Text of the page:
A few years back I was playing at a beautiful ocean-front course in California in the final round of an amateur tournament put on by the NCGA. I had a quality round going, and I began to think about finishing in the top 10. On the 18th, modest-sized dogleg left, I put my drive through the fairway and into a bush that was not marked as a hazard. When I got to the bush I could see my ball stuck in it’s arms about two feet above the ground. Unsure of my options — and certainly not thinking very clearly at that moment — I took a hack at the ball and got it to drop to the ground, and then took another bush-limited swing to get it out into the rough, lying three strokes at that moment. Or so I thought. As I stood over the ball preparing to hit my fourth shot from the rough I noticed that it wasn’t my ball. Let’s see, two 2-stroke penalties for hitting the wrong ball twice plus I still need to find my original ball. Let’s just say I finished with a big number that sent me tumbling down to a humble finishing position. All for the lack of knowing what my options were.
Steps in taking an Unplayable Lie
First, identify your ball. Take the time to make sure the ball you think is yours is, in fact, yours. No doubt, you may be steaming and clear thinking can be at a premium in times like this, but identification is critical. This is why it is important to mark your ball in some way. If you can see your mark, you know it’s yours. There may be 10 Titleist Pro V’s in that bush, but only one is going to carry your mark.
Second, assess your situation. Are you better off anywhere within two-club length (but no closer to the hole) than hitting from where your ball is currently positioned? In my case, it certainly would have been easier to hit the ball from a flat lie than from in the bush — and when I reached into the bush to grab my ball, it would have become clear it wasn’t my ball at all.
Third, take the unplayable, if that’s the best option. Only you get to decide if a ball is unplayable and you don’t need to announce it or get “permission” from your paying partners to proceed with the unplayable. Here’s how. You have three options (similar to if you put the ball into a yellow-staked hazard):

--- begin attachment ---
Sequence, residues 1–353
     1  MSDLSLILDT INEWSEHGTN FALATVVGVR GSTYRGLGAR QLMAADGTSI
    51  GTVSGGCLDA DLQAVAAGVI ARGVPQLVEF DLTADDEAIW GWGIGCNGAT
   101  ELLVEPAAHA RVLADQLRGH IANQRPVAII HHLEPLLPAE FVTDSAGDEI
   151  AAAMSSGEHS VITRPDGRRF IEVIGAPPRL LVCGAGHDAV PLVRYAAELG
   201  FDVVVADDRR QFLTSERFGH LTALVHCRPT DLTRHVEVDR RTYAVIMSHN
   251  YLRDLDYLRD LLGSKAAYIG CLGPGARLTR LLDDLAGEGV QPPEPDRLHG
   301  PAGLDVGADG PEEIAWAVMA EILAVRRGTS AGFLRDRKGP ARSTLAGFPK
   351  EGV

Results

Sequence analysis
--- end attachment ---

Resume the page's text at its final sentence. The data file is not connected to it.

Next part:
* Go back to where you last hit the ball and replay it, adding a penalty stroke.
* Pull out your driver and measure out two-club lengths from where your ball came to rest, but no closer to the hole. Basically this is a semi-circle with a radius of 6-feet from the location of the ball. Decide where you want to drop it, measure the two-club lengths again and put a tee in the ground there. Now you just need to drop the ball so it initially lands between the original location of the ball and the tee you just put in the ground (i.e., within two-club lengths), and add a penalty stroke.
* Draw an imaginary line from where the pin is to where the ball currently lay. Then extend that line as far back as you want. You can drop the ball anywhere on that line and play, taking a penalty stroke of course. (Sometimes this is a great option. In my case, that line would have put me on adjoining fairway with a mid-iron to the green.) The exception here is that if your ball is in an area considered a sand bunker, the line extends only as far back as the back edge of the bunker. Yes, you would need to drop it in the bunker.
Fourth, take your penalty stroke and keep playing. Yes, taking an unplayable lie is a costly one stroke. But it can save you many strokes in the end. For example, if I had taken the unplayable lie from that bush, I would likely have ended up with a bogey or double bogey instead of the double-digit disaster it became.
USGA Rule 28
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